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The Non-Native Speakers of International Law: The Case of Russia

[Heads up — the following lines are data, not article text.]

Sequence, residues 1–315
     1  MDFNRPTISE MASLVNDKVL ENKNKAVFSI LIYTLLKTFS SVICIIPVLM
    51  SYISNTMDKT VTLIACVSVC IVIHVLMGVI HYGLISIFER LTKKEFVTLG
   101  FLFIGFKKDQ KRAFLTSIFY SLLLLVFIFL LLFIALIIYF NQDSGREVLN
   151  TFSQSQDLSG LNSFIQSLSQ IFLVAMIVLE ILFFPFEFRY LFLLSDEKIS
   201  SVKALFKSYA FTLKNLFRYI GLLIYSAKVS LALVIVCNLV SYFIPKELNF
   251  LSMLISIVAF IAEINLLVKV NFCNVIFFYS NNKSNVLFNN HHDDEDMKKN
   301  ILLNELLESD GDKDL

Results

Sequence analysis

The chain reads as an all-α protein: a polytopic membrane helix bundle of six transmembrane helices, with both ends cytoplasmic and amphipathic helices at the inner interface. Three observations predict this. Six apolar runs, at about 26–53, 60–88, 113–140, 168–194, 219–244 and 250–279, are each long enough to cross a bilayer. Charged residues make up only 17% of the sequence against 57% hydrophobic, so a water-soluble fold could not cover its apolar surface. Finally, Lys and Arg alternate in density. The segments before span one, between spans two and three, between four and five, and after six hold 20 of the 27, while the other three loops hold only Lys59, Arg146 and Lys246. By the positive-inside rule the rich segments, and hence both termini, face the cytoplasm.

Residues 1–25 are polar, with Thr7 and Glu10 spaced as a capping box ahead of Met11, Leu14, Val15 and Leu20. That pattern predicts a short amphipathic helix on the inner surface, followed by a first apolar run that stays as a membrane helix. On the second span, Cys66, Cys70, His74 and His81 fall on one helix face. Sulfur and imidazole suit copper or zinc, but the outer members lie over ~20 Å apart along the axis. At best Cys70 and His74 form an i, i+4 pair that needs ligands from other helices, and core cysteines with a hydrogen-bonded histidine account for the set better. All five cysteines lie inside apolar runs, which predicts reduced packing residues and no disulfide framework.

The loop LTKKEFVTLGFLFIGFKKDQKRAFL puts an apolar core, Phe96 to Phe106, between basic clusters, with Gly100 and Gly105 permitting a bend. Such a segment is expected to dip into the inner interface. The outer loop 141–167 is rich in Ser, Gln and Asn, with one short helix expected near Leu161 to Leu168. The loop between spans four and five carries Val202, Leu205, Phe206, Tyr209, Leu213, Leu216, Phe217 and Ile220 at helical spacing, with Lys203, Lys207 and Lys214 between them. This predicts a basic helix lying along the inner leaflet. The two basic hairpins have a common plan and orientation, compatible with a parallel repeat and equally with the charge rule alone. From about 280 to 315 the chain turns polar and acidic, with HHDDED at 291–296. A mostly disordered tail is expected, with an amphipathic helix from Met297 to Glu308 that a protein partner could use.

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This article presents a metaphor that might explain Russia’s approach to international law. Drawing on linguistics, the article proposes that Russia has been a non-native speaker of international law. A non-native speaker’s experiences range from estrangement and disengagement from the foreign language and its speech community to that of empowerment and inspiration nurtured by the acquisition of a new language and a new multilingual identity. Thus, as a non-native speaker, Russia has approached international law with two rhetorical moves: as a disaffected foreigner and as an empowered multilingual subject who aspires to uphold and interpret the rules of the language recently acquired. As a multilingual speaker fluent in the language of international law, Russia has asserted control over judgments of grammaticality and has disagreed with previously determined linguistic rules established by the native-speaking community.The notion of a non-native speaker of international law can apply to states other than Russia. Policymakers and intellectual leaders of other countries, including China, might perceive themselves as non-native speakers in their encounters with the western European foundations of the language of international law. Finally, the article explores the future of international law by asking whether non-native speakers who have been gaining fluency in the parlance of international law will continue to develop their own linguistic repertoire, build their own vocabularies, and advance their own assertions regarding rules of grammar. The future of international law might be diglossic, as two varieties of its language, shared by different speech communities and practiced in different contexts, may be established.


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